It might be easy to use your fingers to find, grip and manipulate a small zipper, clasp or button when you are unstressed in normal conditions. However, in a high-stress situation, in the cold, at night or in poor weather, you might not be able to find and manipulate small components on your equipment. This is why it can be useful to attach tabs, loops and grips on your pouches. 

Even if your equipment already includes some of these, you might want to add to them to make them even easier to find under stress. Practice grabbing and pulling these under a variety of conditions and under stress if possible to make sure they work.

Prioritize Equipment Retention

It is a good idea to be extra careful when it comes to retention of your weapons, ammunition and equipment, as long as it doesn’t make it overly difficult to access what you need.

An example of this is making sure there are extra cover flaps, retention bands or tiedowns on important pieces of equipment.

While open-top magazine pouches can make it easier for you to quickly reload, make sure to test these pouches rigorously to make sure that magazines won’t pop out when you are upside-down, or subjected to very intense motion or shock.

If you are hit by the shockwave from an explosion you don’t want all of your magazines to fly out. Adding some additional retention/safety measures to your pouches can help with this.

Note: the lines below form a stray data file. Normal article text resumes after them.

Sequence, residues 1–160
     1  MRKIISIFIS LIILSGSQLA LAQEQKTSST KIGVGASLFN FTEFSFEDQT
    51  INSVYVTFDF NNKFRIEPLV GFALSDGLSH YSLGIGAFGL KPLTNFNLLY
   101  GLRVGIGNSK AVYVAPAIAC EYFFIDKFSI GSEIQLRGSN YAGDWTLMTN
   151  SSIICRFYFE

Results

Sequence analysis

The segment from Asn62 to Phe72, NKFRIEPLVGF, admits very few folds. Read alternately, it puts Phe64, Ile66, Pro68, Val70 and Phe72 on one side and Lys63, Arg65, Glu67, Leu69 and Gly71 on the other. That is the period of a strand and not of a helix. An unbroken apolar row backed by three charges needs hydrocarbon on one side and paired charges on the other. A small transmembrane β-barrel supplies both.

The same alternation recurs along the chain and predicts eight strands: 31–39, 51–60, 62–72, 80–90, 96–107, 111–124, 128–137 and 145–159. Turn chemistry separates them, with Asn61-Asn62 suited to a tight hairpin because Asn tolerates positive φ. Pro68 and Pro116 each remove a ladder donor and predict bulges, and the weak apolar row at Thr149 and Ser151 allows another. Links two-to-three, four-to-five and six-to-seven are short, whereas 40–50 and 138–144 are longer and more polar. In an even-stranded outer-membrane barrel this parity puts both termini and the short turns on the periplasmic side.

Plan for the Effects of Field Conditions

Depending on where you operate, you may be subjected to a variety of harsh environments and conditions. Consider this when setting up your gear.

For example, while Velcro is convenient and easy to manipulate, it will become less effective when caked with mud and dirt.

If you expect that you might become submerged in water, you will need to make sure that any non-waterproof equipment is protected accordingly.

If you are conducting air operations or have to move through dense brush or briars, you may need to pay special attention to loose straps that could become snagged.

In short, try to anticipate the worst-case scenario and think about how your kit will perform in those conditions. If possible, conduct field tests to verify assumptions.

Comfort is Key

While comfort might not seem to be a priority, discomfort will only add to your stress in combat. You should seek every advantage you can to make life easier, simpler and more comfortable.

The equipment in the example above is well-padded, smooth and ventilated.

If you have equipment that hurts, wears on you, rubs on you in uncomfortable ways or grows uncomfortable when you sweat, you can make modifications to your equipment by adding padding, cutting away excess materials, removing buckles and adding vents or breathable materials. 

Coming in Upcoming Articles...

This brief article only covers some of the most basic and universal concepts in kit setup. In follow-on articles, we will discuss actual placement of the various pouches and equipment such as magazines, flashbangs, radio and medical pouch. There are pros and cons for each configuration and the ideal configuration will depend on your mission requirements and personal preferences.